SANCHEZ: I want to ask you about getting kids under 12 vaccinated. The FDA recently asking Pfizer and Moderna to expand their clinical trials. The surgeon general telling CNN this week that it could be authorized for young children before the end of the year. Are you frustrated at how long the approval process has taken, or is that just baked in, that there needs to be a collection of data to ensure that it can't harm kids long term?

KLINE: Boris, I'm less frustrated than I am impatient. But this is a movie that we've seen before. No matter what rules are put in place and what incentives are given to the companies that produce the drugs, it seems that over and over again we've seen examples of lifesaving medications that were approved for use in adults, and then there was a long lag before those medications or vaccine in this case, were approved for children. We just, we've got to do better.

And the risk-benefit calculation is changing daily. So while we don't want to cut any corners with safety is concerned, we've got more and more children falling ill, being hospitalized. We know that the deaths will lag behind hospitalizations, but it's probable that we're going to be seeing more deaths among children. We've got to get this moving. And it would be nice to know that it's not being delayed because of bureaucratic hurdles.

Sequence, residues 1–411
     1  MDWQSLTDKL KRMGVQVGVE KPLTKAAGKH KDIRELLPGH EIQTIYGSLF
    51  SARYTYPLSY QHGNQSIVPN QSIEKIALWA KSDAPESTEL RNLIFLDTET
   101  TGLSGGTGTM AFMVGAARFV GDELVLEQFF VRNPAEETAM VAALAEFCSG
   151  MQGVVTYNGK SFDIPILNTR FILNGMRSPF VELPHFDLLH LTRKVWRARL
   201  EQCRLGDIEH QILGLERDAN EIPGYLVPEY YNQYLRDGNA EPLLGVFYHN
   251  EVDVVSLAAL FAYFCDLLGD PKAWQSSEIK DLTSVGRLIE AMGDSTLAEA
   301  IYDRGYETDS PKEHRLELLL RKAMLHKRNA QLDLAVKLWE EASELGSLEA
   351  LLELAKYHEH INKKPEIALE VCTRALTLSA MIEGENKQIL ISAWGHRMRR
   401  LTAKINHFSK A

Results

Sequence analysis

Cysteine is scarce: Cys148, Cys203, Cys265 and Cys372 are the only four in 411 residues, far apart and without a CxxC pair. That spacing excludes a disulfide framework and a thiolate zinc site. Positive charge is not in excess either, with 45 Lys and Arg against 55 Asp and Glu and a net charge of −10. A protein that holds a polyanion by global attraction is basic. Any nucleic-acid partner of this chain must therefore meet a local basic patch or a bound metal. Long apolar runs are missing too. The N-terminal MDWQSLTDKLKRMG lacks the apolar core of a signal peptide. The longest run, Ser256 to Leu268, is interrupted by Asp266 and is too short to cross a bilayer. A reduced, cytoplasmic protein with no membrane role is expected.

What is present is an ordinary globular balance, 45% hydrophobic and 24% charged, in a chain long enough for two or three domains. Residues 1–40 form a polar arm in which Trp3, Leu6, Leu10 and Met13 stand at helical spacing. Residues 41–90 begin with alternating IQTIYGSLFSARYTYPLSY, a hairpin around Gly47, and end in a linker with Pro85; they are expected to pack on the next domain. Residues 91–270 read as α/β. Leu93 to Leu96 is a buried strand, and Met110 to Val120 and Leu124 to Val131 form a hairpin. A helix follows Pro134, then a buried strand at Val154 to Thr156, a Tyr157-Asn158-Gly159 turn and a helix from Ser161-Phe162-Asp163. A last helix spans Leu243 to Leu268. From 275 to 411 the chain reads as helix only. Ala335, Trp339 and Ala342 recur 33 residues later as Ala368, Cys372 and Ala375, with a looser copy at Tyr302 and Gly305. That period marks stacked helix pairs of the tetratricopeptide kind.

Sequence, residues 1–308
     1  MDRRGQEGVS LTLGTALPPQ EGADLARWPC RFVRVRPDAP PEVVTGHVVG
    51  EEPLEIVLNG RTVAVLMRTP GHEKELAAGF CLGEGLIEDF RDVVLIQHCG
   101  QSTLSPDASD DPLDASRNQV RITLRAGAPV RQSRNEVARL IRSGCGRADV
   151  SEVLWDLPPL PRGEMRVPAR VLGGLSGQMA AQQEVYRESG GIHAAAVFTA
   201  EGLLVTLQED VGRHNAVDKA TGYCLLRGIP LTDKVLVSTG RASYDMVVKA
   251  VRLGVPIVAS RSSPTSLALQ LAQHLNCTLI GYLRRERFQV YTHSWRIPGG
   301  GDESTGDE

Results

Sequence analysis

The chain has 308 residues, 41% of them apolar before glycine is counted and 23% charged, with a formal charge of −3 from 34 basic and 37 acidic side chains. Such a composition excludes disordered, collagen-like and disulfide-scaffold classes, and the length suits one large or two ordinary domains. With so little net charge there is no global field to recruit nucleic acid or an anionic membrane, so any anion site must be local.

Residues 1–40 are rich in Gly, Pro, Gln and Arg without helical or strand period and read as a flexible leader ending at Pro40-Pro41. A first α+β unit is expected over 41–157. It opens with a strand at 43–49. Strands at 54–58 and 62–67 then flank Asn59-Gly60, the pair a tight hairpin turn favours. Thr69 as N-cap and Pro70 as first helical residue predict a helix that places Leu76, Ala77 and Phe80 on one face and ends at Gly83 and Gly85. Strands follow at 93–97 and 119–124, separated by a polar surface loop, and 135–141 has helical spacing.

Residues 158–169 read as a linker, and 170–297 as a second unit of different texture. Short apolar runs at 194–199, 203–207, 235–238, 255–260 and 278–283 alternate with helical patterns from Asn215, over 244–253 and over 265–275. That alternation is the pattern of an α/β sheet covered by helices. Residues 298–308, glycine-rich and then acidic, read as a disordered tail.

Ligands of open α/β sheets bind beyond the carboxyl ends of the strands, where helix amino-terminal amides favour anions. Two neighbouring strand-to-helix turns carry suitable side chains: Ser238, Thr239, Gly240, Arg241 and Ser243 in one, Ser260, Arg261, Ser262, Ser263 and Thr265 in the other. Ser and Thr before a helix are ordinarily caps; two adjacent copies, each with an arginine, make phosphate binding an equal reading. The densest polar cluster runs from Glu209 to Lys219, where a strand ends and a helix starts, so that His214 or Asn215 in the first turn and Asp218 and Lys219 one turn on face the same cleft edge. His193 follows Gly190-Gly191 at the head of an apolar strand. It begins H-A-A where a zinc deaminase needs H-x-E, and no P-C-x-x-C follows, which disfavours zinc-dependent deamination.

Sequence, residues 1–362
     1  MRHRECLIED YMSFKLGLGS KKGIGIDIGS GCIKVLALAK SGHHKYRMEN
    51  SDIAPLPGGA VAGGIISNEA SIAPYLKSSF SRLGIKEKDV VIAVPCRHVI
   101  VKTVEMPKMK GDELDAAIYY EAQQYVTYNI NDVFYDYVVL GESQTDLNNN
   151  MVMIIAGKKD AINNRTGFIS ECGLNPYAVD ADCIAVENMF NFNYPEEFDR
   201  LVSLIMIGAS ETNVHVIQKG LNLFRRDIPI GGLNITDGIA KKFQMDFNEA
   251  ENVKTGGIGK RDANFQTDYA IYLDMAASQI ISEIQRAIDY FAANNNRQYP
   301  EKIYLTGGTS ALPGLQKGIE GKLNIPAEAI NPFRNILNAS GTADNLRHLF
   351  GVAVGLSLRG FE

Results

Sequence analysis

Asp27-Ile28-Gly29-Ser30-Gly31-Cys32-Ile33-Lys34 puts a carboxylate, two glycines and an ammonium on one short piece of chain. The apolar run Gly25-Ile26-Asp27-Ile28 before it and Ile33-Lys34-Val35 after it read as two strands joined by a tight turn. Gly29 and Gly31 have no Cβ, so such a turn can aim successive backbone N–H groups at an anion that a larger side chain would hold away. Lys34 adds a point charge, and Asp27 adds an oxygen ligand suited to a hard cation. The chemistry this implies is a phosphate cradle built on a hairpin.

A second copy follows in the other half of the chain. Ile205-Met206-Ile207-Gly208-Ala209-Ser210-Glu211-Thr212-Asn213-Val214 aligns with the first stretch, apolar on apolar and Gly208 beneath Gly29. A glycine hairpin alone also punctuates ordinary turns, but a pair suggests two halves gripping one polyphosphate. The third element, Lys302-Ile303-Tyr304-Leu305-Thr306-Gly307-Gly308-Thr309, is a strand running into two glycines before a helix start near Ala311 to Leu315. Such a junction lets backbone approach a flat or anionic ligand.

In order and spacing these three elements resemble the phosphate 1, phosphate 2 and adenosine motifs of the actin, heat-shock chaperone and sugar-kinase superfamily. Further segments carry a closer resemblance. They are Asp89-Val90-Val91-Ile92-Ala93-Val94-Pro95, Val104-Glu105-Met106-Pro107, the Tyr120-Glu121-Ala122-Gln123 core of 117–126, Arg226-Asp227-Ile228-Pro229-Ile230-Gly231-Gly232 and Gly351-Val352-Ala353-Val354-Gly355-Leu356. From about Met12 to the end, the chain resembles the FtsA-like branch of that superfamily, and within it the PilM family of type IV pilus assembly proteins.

SANCHEZ: Certainly, especially when you think about the fact that until now one of the silver linings of this is that children have been spared the brunt of the virus, and now it sounds like that is potentially starting to change. So hopefully more people will heed your advice and get the vaccine. Dr. Mark Kline, we have to leave the conversation there. Thank you so much for your perspective.

KLINE: Thank you.

PAUL: Listen to this number -- FEMA has announced it's doled out more than $1 billion to help families of coronavirus victims having to bury the people they love. And this is just since this past April when the program began. The federal disaster agency said the program has helped 150,000 people. The money can cover a burial plot, casket, cremation, other expenses. The effort is the largest of its type for the agency, which normally provides aid to families during natural disasters.

The other major issue consuming the White House's attention this morning is Afghanistan. President Biden under pressure as the Taliban blitzes through town after town, and U.S. personnel at the embassy in Kabul are told to destroy sensitive material.



SANCHEZ: Afghanistan is teetering on the brink, as Taliban fighters make gains seemingly by the hour. Intelligence suggests that the capital city, Kabul, could be isolated within 72 hours to one week.